Sub-2-µm Totally Porous Reversed-Phase Columns:There is no doubt that the small particle trend continues. In the last columns update (21), I spent a bit of time discussing further developments in this area, especially in the increasing use of longer columns, new phases, and the increased number of columns packed with particles in the 2–3 µm domain. I won't repeat all of that information here. With the introductions at Pittcon 2010 (8), there are now 24 companies with columns packed with particles of 2 µm and under. Figure 5 also shows the tremendous growth in the use of these smallest particles. So far, there have been no porous particles below 1.5 µm introduced in the marketplace. There are now several instrument companies who have introduced systems that are optimized for the 2.1-mm i.d. columns packed with the sub-2-µm particles. Pumps with pressure capabilities of 1300 bar and overall systems (injectors, connecting tubing, endfitting designs, detector flow cell volumes) with minimal band dispersion are capable of meeting the requirements of these efficient columns. However, further reductions in particle size below 1.5 µm could play havoc with the current generation of UHPLC instruments. The development of superficially porous particles (see the following) that provide the same efficiency advantages but at considerably lower back pressures can slow down the pressure race. Monoliths might eventually command their rightful share based upon continued introductions of improved silica-based monoliths and the exciting research work going on in the synthesis of polymeric monoliths that will separate small molecules (22). Monoliths, like superficially porous particle columns, have about 40–60% of the pressure drop of a packed column of equivalent efficiency.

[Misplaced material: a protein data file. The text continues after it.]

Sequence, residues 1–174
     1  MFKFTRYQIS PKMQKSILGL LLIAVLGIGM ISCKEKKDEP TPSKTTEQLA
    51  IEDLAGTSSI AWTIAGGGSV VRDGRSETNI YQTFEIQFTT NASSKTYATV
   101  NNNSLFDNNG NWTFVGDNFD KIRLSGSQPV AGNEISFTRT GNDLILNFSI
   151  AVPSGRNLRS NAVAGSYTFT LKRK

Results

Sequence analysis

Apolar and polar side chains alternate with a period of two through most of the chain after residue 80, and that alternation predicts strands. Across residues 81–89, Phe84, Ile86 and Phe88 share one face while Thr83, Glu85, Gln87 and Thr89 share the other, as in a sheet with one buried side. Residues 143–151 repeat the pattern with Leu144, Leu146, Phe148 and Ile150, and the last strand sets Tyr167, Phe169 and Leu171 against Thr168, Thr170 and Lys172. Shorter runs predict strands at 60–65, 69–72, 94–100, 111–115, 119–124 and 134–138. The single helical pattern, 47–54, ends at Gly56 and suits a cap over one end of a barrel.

Figure 6